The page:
Prof Ransford Gyampo, a political science lecturer at the University of Ghana, argues that the Electoral Commission should not allow the Seventh Day Adventist Church’s (SDA) request to postpone the date of the 2024 general elections.
Speaking on JoyNews’ Newsfile, he said that agreeing to shift the date, December 7, which is a Saturday, to another day might result in a deluge of similar requests in the future.
“With the greatest of respect to them, Ghana is our constitution that guarantees the free expression of our religion. At the same time, the constitution says we are a secular state. And so if it is a secular state, people have the right to exercise their religion, but this must not be exercised in a manner that sort of projects their religious beliefs and faith and ideals over those of the other people who also have different religious beliefs and faith and ideals.”
“So the point is that given that it is a secular state any day is fine. Otherwise, if we allow this tomorrow if election day is on Friday, Muslims will tell us that, well, they go to the mosque on Friday and go, we shouldn’t. If it falls on Sunday, you have a ponderance, majority of Ghanaians being Christian, they may say that it is going to disturb the day selected to worship their God.”
Prof Gyampo stated that, while voting is a national obligation, people should be able to choose whether or not to vote or to fulfill their religious duty.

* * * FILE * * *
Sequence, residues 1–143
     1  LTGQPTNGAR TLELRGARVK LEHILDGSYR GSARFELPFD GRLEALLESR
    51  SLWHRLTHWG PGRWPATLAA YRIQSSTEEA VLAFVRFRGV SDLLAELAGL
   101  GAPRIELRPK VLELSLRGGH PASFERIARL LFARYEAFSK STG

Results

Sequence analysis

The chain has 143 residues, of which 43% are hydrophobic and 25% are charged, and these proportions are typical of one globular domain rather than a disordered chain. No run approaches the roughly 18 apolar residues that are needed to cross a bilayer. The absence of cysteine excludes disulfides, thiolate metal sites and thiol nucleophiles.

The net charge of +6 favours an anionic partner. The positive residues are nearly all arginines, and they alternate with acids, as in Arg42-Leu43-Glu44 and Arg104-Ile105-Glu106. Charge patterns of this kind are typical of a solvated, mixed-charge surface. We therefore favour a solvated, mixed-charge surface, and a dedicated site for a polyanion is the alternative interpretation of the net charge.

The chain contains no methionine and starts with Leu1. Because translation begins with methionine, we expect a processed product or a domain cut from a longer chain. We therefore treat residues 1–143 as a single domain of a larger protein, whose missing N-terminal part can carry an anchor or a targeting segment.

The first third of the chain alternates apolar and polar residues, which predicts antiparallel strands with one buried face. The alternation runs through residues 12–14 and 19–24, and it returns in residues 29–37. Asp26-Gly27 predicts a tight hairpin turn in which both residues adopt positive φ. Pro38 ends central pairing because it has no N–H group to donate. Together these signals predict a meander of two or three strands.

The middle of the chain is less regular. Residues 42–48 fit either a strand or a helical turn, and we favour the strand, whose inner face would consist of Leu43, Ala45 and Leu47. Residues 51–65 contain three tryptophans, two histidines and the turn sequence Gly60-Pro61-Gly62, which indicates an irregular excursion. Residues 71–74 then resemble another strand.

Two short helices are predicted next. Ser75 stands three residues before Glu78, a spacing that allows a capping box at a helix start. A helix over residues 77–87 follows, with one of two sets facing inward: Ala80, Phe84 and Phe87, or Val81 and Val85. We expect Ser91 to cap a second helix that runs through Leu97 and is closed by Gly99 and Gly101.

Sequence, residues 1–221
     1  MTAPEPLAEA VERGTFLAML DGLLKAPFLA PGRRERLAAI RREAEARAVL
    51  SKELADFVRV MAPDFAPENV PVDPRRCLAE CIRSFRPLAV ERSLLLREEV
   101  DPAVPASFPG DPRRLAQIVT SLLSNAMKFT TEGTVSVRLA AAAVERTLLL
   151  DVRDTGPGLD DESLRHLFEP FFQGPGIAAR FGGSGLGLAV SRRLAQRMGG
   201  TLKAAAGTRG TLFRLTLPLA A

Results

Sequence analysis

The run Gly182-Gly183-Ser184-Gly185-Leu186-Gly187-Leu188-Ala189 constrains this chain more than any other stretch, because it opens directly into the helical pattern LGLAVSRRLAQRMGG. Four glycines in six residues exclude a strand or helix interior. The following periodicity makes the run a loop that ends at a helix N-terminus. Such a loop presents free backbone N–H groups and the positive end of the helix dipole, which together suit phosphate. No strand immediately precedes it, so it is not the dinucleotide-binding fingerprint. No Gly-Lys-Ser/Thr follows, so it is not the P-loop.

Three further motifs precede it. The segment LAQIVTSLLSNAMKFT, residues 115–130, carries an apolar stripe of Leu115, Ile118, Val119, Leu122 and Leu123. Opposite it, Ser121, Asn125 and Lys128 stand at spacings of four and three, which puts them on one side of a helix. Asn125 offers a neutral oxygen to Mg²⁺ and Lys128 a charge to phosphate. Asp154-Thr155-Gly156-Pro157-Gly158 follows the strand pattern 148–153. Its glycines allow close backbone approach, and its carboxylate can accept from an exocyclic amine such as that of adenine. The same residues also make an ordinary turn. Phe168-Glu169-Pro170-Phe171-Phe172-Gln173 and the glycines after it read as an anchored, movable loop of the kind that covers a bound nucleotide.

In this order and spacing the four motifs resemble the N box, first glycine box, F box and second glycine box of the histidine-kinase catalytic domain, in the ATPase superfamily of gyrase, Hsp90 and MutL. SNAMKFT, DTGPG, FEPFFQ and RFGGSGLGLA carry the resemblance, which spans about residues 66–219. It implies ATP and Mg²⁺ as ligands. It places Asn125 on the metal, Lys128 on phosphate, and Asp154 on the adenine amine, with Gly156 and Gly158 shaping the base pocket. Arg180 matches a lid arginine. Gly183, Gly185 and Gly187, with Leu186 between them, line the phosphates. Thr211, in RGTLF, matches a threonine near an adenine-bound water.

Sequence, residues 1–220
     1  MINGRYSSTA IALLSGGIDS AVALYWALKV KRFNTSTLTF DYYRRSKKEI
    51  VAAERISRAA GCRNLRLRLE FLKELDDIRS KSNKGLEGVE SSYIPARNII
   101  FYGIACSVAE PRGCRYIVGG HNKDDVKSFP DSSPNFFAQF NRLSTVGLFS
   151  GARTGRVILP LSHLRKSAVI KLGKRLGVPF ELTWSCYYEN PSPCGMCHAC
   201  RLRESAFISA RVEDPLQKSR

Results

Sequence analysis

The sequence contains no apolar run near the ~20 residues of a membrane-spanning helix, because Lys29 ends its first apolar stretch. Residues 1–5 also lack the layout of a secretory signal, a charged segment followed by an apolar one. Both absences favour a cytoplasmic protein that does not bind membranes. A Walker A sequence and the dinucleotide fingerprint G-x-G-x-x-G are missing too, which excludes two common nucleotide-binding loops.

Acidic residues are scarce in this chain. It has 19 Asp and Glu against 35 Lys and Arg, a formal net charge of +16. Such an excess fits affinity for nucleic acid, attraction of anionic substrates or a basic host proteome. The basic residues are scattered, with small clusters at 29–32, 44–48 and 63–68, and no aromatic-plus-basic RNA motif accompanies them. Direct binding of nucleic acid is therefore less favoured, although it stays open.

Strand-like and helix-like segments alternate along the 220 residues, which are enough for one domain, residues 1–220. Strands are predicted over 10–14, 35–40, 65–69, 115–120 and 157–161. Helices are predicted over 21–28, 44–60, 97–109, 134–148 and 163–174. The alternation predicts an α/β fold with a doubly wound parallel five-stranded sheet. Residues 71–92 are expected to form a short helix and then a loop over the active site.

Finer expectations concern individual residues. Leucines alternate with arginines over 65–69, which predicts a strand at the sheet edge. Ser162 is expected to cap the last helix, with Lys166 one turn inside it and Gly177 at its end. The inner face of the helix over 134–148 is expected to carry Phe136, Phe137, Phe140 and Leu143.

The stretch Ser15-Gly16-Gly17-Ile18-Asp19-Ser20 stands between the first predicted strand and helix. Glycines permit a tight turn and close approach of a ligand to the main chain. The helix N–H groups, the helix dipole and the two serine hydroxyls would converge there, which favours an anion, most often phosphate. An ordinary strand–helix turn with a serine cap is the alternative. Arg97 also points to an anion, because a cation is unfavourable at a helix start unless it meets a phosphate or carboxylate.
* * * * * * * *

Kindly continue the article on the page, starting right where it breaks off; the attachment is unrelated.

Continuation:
“So long as the fundamental laws of the land says you’re a secular country, we should be careful not to allow all religious beliefs and sects to also come in making pleas and demands.”
“Today it is SDA if it is granted, tomorrow it will be Harikrishnas, Muslims, Christians and it creates a state of confusion and a state of factionalism in the body politics. It’s not something that we should encourage.”
This comes after the Seventh-day Adventist Church advocated for an adjustment to the 2024 December 7 election date, which falls on a Saturday.
The church, in separate applications to the Electoral Commission, requested that the elections be shifted from the traditional December 7 date because it comes on a Saturday, which conflicts with Sabbath, a holy day dedicated to God’s worship.
The church believes the first or second Tuesday will be more convenient for promoting inclusive democracy.
Furthermore, the Church is taking action by submitting another petition to the Attorney General and advocating for a revision to the constitutional restrictions that limit the time for conducting legislative and presidential elections in Ghana.